Balloon Messages – A Favorite Memory

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When I was little I believed that when balloons flew into the sky they went to heaven and the people up there would catch them. This meant that if I sent a balloon with a message written on it my parents would receive it. This was something my family did in memory of my parents. My favorite time was my junior year of high school, when my aunt surprised my sister and me with 3 purple balloons. We were able to write messages to my Dad, which we had not been able to do in awhile . It felt good to send
something physical and meaningful up into the sky. I know that they get them because I can feel it in my heart.
Memories do not necessarily need to be happy to be favorites. Sometimes the best memories are in honor of the ones we love.


Thank you for sharing your memory with us.

I hope that someone might read it, and find that they are not alone in their troubles or find solace in such a beautiful moment.

Falling for Autumn

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“You know, I’ve really missed these evenings with you.”

“What is it that makes you love them so much, other than my incredible presence that is?”

“The smell of corn fields, and crisp evening air. The smell of leaves on the ground as they become an array of brown. It reminds me of young love and first kisses stolen under blankets… of late nights with friends now gone.”

Biweekly Book Pick

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So I’m going to try and post a short synopsis/reason why you should read a particular book every two weeks. So that’s the definition of biweekly that we are going to go with since there’s two and that’s a little confusing for no reason. Love the English language it’s great. That being said, here we go!

All the Bright Places

via Penguin Random House

We do not remember days, we remember moments

Jennifer Niven, All the Bright Places

I don’t want to give anything away, but I think this quote does a lot to sum up not the plot of this book but the way it makes the reader feel (at least in my case). The moments spent between these characters build such an emotional connection between the reader and the work. as you read, you travel through these experiences with them in a way not often felt in other books. The weight of the moments within this books are felt, often deeply. I still remember where I was, and how I felt the first time I finished Chapter 53.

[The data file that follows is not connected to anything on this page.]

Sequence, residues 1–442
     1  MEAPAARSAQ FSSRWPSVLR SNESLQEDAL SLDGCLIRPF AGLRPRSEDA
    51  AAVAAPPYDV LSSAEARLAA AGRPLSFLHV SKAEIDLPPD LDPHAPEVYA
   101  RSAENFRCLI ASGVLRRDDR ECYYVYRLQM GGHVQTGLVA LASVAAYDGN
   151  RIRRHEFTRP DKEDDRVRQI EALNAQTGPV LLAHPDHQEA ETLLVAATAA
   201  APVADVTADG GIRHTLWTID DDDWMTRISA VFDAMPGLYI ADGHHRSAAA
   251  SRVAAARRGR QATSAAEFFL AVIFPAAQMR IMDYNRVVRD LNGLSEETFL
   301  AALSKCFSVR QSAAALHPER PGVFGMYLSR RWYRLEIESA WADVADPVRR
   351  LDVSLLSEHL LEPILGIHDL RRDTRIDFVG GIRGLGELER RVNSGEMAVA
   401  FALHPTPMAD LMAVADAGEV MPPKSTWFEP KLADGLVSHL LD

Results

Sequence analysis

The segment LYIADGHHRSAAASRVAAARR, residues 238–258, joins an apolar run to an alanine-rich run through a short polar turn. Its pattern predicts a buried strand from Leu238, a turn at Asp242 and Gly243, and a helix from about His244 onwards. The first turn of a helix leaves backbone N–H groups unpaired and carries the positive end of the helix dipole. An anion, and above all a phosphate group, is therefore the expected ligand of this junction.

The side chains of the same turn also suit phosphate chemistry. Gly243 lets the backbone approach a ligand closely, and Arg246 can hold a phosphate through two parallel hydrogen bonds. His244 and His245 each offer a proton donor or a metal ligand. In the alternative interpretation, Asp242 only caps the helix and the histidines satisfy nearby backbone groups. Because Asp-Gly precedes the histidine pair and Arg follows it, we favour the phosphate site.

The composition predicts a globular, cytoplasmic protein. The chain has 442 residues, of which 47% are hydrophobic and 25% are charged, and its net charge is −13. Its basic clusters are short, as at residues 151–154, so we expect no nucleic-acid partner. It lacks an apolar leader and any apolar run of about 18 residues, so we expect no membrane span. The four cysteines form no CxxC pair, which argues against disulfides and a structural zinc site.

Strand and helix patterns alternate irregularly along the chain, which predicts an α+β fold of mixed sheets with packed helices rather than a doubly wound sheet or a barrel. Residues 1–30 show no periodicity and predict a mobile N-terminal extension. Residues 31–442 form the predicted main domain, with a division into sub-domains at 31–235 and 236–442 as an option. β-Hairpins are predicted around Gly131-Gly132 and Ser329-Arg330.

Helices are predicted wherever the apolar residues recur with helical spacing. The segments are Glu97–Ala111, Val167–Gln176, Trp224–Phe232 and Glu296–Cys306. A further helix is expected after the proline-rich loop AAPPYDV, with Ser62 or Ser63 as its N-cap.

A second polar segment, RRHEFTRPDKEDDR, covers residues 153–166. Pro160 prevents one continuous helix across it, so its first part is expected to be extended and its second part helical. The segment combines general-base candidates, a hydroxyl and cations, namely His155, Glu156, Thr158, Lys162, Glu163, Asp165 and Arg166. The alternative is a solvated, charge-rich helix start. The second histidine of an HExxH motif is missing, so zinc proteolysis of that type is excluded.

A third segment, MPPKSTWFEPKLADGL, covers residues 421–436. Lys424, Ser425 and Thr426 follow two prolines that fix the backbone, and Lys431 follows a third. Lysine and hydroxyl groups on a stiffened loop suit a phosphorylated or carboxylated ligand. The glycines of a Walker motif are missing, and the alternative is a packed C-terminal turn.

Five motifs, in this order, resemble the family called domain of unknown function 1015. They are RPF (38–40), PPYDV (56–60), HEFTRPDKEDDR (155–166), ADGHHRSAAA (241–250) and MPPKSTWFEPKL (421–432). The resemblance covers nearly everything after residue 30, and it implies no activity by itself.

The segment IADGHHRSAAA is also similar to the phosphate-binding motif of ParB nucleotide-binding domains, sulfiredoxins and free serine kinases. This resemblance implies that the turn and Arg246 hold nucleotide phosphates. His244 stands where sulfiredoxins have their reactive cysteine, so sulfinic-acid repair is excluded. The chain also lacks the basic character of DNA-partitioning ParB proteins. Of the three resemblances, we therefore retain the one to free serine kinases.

The writing style is beautiful, and at times thought provoking. The mind of someone as broken but strong as Finch resonates and when you are able to see the world through his eyes it becomes a magical place. However, this isn’t a story made of rainbows and cupcakes. I have to warn some that the major themes include suicide and depression.

sometimes there’s beauty in the tough words—it’s all in how you read them.

Jennifer Niven, All the Bright Places

This is the juxtaposition created by the book. The beauty of love and all its promise, and the cold uneasiness that grows throughout. When I first began reading, I was worried that it would romanticize depression, but it doesn’t. It shows all the terrible anxiety, the way it seems to swallow you up until nothing remains. As someone who has had many friends, as well as personally dealt with depression I found this to be a mostly accurate portrayal.

All the Bright Places is being adapted to a film! The movie is coming out later in 2019 and stars Elle Fanning, and Justice Smith. Elle Fanning has starred in other movies such as Super 8 and Maleficent. Justice Smith recently starred in Detective Pikachu. Since we all know how adaptations go, I’m a bit cautious with my excitement, but Jennifer Niven is working on the film I have some hope.

Overall, All the Bright Places is an amazing read that will have you sitting up at 3:00 AM eyes stinging as you push on till the end. If anyone does read it comment your thoughts or shoot me an email.